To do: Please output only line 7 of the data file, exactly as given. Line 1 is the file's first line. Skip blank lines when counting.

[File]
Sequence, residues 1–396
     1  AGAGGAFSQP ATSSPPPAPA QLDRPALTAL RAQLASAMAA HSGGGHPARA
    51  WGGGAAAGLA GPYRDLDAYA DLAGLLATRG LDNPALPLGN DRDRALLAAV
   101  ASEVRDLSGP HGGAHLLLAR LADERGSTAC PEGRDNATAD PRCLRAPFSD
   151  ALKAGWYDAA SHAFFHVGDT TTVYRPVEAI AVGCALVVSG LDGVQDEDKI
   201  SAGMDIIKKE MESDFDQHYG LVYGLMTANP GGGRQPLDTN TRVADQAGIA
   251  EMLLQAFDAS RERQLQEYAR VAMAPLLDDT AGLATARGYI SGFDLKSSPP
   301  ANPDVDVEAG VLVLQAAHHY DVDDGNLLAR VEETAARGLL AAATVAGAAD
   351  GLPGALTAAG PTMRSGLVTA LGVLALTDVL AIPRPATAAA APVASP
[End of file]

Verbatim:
   251  EMLLQAFDAS RERQLQEYAR VAMAPLLDDT AGLATARGYI SGFDLKSSPP